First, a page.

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Monetary Policy, Leverage, and Bank Risk-taking

  • DellAriccia, Giovanni
  • Laeven, Luc
  • Marquez, Robert

The recent global financial crisis has ignited a debate on whether easy monetary conditions can lead to greater bank risk-taking. We study this issue in a model of leveraged financial intermediaries that endogenously choose the riskiness of their portfolios. When banks can adjust their capital structures, monetary easing unequivocally leads to greater leverage and higher risk. However, if the capital structure is fixed, the effect depends on the degree of leverage: following a policy rate cut, well capitalized banks increase risk, while highly levered banks decrease it. Further, the capitalization cutoff depends on the degree of bank competition. It is therefore expected to vary across countries and over time.

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Paper provided by C.E.P.R. Discussion Papers in its series CEPR Discussion Papers with number 8199.

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Date of creation: Jan 2011
Date of revision:
Handle: RePEc:cpr:ceprdp:8199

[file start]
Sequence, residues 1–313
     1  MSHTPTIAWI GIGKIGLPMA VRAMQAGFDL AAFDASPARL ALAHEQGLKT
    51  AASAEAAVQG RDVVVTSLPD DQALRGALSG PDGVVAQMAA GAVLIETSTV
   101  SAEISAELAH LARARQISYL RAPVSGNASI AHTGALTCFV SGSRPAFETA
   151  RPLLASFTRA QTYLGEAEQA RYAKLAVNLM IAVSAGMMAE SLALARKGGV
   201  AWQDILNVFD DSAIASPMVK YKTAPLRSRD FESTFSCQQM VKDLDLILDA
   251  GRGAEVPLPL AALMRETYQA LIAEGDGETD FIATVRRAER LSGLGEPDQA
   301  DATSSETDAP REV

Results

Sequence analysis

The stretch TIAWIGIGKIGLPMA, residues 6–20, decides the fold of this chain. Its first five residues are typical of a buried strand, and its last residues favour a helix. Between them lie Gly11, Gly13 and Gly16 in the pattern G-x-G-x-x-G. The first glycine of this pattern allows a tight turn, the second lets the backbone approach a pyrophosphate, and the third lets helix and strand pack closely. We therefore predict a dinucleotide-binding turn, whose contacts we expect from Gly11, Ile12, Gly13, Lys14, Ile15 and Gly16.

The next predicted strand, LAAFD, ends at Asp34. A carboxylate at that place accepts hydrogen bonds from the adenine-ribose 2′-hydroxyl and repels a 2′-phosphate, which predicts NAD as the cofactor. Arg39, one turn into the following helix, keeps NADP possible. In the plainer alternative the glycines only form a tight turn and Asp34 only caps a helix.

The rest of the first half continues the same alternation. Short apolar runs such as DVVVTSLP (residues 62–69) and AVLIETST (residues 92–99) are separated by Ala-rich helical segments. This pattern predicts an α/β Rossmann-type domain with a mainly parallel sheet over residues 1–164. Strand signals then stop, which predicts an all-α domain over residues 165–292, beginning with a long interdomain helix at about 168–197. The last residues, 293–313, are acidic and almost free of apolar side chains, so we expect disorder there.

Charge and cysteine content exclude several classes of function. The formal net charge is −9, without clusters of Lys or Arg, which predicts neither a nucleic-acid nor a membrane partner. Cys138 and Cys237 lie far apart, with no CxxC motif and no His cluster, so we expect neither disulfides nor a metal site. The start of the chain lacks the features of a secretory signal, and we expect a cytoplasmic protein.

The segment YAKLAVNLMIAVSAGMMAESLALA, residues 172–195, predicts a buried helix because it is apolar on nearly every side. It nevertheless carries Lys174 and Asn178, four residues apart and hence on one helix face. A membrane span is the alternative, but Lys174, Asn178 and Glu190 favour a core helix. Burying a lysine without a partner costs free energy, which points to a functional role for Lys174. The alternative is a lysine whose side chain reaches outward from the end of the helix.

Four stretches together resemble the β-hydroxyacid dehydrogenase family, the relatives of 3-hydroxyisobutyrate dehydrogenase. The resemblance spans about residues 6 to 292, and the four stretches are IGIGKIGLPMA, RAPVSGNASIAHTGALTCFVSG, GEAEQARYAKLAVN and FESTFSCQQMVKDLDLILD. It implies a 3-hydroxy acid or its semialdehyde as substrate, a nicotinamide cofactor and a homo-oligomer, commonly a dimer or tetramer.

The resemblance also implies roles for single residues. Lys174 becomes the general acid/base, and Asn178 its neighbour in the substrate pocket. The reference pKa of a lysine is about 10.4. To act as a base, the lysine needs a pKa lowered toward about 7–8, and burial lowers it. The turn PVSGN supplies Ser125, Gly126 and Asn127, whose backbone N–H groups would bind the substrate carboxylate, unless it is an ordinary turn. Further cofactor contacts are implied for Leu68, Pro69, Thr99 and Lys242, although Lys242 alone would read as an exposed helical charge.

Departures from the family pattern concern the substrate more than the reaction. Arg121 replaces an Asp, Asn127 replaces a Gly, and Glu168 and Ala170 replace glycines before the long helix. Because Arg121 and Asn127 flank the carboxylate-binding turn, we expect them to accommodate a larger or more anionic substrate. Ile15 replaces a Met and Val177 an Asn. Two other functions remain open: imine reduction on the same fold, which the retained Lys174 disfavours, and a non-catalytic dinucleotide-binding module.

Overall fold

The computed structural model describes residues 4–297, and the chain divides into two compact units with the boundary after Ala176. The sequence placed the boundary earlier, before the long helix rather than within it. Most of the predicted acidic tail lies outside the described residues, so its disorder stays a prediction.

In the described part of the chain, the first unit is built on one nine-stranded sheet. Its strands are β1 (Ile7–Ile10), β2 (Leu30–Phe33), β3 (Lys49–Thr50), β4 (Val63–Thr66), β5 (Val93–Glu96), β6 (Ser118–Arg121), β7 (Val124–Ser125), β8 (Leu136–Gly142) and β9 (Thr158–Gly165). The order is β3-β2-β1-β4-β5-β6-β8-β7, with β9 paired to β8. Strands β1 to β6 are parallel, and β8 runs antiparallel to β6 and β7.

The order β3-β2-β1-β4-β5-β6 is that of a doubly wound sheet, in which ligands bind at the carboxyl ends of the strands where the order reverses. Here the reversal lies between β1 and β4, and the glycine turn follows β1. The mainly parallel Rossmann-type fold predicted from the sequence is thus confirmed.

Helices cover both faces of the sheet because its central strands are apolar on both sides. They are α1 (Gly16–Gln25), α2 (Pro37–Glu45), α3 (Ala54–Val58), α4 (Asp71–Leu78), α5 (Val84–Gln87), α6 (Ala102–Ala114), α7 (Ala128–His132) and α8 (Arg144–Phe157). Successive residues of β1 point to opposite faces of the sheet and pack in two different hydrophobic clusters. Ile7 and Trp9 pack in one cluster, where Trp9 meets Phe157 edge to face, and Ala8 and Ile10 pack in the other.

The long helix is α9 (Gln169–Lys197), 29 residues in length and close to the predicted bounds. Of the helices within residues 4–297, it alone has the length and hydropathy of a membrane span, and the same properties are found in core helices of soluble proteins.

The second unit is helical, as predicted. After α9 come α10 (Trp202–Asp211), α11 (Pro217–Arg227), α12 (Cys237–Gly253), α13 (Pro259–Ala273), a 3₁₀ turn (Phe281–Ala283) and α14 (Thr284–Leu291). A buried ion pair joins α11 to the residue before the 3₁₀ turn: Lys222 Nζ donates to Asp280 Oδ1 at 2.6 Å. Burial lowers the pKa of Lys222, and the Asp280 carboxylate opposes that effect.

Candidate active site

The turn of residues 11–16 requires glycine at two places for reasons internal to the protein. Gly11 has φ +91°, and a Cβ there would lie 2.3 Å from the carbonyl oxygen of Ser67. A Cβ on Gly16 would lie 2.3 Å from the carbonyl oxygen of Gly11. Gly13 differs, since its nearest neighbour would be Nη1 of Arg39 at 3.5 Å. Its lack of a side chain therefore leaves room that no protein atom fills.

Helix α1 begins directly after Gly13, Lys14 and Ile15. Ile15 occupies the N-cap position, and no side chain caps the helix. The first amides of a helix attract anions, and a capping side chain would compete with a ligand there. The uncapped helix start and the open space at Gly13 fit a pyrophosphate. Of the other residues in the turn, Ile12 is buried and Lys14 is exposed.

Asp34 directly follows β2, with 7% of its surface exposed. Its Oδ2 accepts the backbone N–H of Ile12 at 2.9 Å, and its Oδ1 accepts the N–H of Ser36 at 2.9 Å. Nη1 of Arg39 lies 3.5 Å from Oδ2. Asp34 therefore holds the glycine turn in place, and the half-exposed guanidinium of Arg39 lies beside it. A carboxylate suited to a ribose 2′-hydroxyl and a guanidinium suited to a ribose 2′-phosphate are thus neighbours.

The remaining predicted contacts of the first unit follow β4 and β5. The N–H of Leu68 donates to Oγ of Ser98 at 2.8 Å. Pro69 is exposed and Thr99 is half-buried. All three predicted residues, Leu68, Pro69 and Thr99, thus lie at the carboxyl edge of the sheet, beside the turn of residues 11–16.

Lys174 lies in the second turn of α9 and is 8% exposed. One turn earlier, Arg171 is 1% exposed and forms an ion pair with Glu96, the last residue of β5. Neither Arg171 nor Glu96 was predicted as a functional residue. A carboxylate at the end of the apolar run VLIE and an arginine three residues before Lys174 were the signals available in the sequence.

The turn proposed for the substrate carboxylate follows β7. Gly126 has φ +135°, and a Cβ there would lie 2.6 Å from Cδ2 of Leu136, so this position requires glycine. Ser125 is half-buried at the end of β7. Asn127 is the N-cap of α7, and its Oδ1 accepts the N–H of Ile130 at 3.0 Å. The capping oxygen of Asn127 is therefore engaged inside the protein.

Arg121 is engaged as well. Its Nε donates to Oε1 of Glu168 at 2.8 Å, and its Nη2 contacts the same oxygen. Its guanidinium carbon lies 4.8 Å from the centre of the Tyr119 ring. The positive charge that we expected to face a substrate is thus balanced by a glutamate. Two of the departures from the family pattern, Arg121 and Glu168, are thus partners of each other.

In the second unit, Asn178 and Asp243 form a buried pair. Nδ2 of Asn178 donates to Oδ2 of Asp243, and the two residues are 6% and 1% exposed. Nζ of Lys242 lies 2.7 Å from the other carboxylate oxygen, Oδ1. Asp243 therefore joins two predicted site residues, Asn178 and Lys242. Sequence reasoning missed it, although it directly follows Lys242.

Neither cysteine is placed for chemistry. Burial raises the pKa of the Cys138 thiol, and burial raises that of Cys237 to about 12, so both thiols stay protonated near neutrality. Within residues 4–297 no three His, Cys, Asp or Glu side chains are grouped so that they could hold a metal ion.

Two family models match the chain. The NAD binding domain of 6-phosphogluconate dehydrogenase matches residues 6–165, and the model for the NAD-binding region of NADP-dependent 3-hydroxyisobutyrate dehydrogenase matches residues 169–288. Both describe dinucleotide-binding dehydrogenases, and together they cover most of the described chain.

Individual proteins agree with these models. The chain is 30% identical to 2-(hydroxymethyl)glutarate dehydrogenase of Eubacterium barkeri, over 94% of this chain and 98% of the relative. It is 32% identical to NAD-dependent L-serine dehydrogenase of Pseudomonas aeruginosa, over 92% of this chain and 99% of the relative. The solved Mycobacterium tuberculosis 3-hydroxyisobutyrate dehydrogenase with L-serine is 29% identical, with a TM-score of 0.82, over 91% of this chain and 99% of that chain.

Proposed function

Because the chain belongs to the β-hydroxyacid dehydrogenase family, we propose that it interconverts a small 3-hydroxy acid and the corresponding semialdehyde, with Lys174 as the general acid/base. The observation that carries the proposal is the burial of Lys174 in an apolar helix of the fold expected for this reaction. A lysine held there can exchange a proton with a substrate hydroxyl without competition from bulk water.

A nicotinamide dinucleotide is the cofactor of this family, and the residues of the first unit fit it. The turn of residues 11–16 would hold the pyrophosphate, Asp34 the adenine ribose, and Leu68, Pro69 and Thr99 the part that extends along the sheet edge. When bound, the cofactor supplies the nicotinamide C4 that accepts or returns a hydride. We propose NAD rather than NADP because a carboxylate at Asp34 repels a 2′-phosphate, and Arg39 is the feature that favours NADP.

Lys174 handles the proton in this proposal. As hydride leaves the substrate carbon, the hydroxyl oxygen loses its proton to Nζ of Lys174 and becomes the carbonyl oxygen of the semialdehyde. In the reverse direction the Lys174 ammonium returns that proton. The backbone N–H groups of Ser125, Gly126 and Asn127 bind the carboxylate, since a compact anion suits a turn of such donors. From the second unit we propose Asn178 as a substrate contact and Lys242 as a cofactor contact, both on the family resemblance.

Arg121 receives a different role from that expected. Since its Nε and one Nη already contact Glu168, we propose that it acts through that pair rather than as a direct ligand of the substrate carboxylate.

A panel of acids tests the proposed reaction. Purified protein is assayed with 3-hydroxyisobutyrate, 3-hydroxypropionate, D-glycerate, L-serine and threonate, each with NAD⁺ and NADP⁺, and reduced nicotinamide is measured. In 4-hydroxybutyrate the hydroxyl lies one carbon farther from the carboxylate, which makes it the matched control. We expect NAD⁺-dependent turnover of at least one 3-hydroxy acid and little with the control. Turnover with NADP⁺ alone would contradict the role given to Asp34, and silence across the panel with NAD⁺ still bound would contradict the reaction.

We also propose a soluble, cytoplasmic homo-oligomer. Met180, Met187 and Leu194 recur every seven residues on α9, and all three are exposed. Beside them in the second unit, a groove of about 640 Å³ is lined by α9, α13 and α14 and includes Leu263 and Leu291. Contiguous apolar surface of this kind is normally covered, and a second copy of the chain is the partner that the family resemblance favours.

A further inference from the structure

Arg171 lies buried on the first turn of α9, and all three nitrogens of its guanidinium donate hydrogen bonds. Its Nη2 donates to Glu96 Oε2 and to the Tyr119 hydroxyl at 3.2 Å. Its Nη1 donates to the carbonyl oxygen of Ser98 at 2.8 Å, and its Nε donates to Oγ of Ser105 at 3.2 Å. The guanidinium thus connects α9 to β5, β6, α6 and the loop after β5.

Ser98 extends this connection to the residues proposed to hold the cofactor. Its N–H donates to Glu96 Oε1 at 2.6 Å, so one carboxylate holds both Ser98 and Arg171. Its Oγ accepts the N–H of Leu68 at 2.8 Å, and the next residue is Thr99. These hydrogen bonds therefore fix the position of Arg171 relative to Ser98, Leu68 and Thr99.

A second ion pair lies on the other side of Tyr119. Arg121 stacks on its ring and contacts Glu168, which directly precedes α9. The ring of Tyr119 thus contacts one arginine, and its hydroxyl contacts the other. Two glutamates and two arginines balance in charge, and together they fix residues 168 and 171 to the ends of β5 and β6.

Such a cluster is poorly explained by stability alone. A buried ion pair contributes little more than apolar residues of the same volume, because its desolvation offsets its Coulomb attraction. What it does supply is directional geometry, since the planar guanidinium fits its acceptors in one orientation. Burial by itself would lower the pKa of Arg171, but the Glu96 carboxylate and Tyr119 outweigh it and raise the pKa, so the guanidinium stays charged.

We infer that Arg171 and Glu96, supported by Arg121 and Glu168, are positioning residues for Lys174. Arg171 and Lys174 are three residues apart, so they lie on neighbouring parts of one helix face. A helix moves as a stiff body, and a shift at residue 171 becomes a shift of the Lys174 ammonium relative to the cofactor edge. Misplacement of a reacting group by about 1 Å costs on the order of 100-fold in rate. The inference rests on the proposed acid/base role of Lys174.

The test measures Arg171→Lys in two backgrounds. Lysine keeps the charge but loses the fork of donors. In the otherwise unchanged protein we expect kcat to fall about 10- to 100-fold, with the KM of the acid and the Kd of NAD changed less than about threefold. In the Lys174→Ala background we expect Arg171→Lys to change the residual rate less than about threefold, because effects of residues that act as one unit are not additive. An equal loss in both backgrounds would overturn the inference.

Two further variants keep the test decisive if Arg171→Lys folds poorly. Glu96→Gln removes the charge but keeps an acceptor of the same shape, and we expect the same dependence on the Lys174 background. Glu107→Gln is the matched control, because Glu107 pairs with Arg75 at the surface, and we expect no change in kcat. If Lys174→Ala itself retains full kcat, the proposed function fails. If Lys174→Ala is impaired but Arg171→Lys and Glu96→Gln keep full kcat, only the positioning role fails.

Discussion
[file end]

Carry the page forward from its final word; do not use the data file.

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  1. Xavier Freixas & Antoine Martin & David Skeie, 2010. "Bank liquidity, interbank markets and monetary policy," Economics Working Papers 1202, Department of Economics and Business, Universitat Pompeu Fabra.
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  7. Mark T. Leary & Michael R. Roberts, 2005. "Do Firms Rebalance Their Capital Structures?," Journal of Finance, American Finance Association, vol. 60(6), pages 2575-2619, December.
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  11. Eduardo Levy Yeyati & Tito Cordella, 1999. "Bank Bailouts: Moral Hazard vs. Value Effect," IMF Working Papers 99/106, International Monetary Fund.
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  15. Douglas W. Diamond & Raghuram G. Rajan, 1998. "Liquidity risk, liquidity creation and financial fragility: a theory of banking," Proceedings, Federal Reserve Bank of San Francisco, issue Sep.
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